Skinny Buddha: Also located in Mount Kisco, the Skinny Buddha offers a fresh, clean approach to food and cooking, with healthy daily menus that offer organic soups that are usually vegan and gluten-free. The rest of their menu consists of salads that have optional add-ons for meat or sustainable seafood, such as their tantric tuna salad. The emphasis here is on a wholesome approach to eating and a natural lifestyle, with a mission to help people change the way they eat.

159 Lexington Ave., Mount Kisco, NY; 914.666.9646

 

Jolo’s Kitchen: Our fourth find for good and hearty soup is in New Rochelle. This family-owned business dishes up comforting vegan food straight from the heart. Whether you are in the mood for the hot soup of the day or want to try your luck at the raw cashew and vegetable bowl, this place is the spot for a delicious, plant-based bite. Their menu encompasses small plates, soups and entrées, all prepared with fresh and sustainable ingredients.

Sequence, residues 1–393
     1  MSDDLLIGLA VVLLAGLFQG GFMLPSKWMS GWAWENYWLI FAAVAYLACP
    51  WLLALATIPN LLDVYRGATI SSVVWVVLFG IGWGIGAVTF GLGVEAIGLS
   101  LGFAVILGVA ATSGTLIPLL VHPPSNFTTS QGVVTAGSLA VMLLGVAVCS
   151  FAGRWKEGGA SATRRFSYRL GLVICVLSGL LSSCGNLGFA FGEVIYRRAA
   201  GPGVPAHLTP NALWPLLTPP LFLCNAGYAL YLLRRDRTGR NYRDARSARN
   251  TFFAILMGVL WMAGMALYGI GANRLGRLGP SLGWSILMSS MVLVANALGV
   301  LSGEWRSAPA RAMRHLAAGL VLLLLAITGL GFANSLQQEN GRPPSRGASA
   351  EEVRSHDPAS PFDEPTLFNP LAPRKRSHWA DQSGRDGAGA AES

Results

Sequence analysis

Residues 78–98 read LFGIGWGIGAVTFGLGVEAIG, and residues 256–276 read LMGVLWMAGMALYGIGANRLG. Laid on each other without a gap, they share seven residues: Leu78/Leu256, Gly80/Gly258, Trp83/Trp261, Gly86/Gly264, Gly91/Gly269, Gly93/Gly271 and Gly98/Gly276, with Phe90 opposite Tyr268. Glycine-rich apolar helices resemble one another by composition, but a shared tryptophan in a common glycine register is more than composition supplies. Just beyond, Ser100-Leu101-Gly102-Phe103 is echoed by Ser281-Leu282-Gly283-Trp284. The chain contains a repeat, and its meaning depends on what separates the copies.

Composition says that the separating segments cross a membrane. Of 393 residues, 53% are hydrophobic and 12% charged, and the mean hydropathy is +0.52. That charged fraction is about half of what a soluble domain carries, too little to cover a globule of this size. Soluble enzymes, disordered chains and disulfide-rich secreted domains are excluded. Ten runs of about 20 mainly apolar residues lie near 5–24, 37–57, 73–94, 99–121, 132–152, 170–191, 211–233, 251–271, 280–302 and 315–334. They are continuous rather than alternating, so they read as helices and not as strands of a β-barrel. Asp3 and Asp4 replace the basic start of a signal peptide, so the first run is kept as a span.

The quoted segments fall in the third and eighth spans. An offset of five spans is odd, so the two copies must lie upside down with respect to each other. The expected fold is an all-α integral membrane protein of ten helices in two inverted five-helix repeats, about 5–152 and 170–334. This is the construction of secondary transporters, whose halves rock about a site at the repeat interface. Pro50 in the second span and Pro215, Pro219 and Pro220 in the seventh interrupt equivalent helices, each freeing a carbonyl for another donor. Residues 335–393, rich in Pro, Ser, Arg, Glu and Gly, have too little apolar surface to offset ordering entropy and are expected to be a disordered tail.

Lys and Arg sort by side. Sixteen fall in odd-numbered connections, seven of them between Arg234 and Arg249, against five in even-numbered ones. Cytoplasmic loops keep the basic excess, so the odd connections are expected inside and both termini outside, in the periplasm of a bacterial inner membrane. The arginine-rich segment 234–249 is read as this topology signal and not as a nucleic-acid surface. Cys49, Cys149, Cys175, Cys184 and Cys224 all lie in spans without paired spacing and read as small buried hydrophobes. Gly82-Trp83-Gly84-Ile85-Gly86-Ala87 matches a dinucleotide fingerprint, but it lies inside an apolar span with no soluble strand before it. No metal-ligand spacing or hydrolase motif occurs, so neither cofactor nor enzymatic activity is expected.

412 North Ave., New Rochelle, NY; 914.355.2527

 

Now Serving Fall Soups at The Blue Pig in Croton-on-Hudson, NY

Yummy, with locally-sourced ingredients